While B.C. and the rest of Canada are seeing only moderate housing starts, Chilliwack housing starts have been on the rise.
Chilliwack’s projected housing starts for 2017, according to City of Chilliwack’s second quarter report, will number 800. It was the same last year.
“It’s no secret Vancouver has become one of the most expensive housing markets in the world. This has had significant implications on what’s happening in Chilliwack,” according to the staff report from the planning department.
It’s clearly had a ripple effect.
It also partially explains the rise in the city’s housing market and construction levels.
“People are moving to Chilliwack for more affordable housing and larger living space,” reads the report.
Real estate sales peaked in 2016 as they did across B.C., followed by a moderating trend in 2017, “which is expected to continue,” states the report.
“On the other hand, 2016 saw an 18 per cent increase in sale prices from 2015 levels, and prices continue to rise in 2017 and are expected to rise into 2018.”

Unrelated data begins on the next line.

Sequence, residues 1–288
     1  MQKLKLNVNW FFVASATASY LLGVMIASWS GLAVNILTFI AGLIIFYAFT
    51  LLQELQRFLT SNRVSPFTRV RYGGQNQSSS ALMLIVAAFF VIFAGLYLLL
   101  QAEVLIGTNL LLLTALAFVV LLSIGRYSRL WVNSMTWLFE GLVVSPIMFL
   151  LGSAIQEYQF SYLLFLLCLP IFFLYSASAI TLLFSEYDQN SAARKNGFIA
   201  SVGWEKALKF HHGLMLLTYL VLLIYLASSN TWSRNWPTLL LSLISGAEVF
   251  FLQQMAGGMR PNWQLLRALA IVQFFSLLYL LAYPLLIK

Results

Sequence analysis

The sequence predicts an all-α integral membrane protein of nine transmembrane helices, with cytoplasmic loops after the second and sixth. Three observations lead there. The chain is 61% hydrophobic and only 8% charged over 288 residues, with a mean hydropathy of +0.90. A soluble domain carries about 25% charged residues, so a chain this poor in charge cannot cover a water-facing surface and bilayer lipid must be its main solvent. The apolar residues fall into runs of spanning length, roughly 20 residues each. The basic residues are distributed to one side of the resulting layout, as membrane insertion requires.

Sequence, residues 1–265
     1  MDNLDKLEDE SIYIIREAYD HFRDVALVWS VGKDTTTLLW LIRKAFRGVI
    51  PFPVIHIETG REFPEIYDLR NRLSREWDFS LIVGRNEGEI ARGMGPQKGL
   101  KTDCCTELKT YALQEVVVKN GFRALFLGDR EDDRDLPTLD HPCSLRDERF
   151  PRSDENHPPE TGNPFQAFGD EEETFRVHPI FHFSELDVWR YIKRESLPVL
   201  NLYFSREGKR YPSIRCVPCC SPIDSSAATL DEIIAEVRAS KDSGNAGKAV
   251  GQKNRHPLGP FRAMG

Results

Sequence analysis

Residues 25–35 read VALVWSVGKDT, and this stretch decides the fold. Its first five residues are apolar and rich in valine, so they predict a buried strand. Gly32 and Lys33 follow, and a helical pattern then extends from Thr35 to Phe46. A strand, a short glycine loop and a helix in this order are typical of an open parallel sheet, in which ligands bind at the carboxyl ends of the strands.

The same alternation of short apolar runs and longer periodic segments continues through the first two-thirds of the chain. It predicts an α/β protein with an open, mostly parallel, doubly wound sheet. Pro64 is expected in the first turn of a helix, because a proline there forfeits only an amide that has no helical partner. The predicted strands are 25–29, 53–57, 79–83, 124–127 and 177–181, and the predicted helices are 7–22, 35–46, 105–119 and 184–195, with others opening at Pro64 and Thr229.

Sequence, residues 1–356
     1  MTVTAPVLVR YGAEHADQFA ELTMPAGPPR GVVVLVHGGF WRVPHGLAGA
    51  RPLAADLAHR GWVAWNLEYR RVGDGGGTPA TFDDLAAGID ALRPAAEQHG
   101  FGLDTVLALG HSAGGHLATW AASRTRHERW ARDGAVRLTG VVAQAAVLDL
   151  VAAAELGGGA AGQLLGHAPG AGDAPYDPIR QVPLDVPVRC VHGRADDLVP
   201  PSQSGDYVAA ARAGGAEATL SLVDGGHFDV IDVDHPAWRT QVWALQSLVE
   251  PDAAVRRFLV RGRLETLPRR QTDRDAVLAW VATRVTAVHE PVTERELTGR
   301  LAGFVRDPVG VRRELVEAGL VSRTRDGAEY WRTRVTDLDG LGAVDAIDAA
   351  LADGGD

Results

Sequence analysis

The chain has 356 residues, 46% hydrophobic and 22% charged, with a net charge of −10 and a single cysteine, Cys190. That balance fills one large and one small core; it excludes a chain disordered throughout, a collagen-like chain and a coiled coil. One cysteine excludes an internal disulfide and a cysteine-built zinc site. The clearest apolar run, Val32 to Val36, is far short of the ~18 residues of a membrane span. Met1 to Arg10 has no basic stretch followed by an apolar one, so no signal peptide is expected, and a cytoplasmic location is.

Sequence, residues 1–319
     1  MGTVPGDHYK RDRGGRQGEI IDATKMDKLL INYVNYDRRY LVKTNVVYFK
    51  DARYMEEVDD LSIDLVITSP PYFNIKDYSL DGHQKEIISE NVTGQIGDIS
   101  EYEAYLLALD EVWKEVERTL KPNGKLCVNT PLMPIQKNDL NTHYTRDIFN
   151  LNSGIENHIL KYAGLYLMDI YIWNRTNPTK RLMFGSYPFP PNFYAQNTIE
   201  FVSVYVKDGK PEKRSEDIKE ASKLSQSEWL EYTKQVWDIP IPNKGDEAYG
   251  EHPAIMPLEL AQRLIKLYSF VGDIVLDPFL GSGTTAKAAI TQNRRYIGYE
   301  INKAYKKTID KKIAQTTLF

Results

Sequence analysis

The 2016 and 2017 housing start numbers appear high, around the 800 mark; but Chilliwack has witnessed higher housing starts in 2007 with 1,395 units, and further back in 1994 with 1,266 units.
Single-family housing accounts for about half of projected housing starts in Chilliwack, at the 400 unit mark for 2017, and the single-family home numbers are expected to remain steady over the next decade.
“This means the increase in housing units over the next four years will be in multi‐family residential, common for peak periods, with a leap in townhouse units and much higher numbers for apartment units compared to now.”
The next peak in the number of Chilliwack housing starts is projected for 2021, and 2017 marks the start of that spike, with an increase expected each year for the next four years or so. Similar peaks were recorded in 2007 and 1994.
On the population front, Chilliwack will continue to see steady growth. The city’s current population is 90,000, up 23,000 from 2000, and is projected to grow above 40,000 over the next 25 years.
The steady growth in Chilliwack reflects the healthy economic landscape in which B.C. continues to remain strong despite slowing from 2016 levels.
“The driving forces behind B.C.’s strong economy are consumer demand, population inflows, a strong housing construction cycle and an increase in goods and service exports due to a low Canadian dollar.”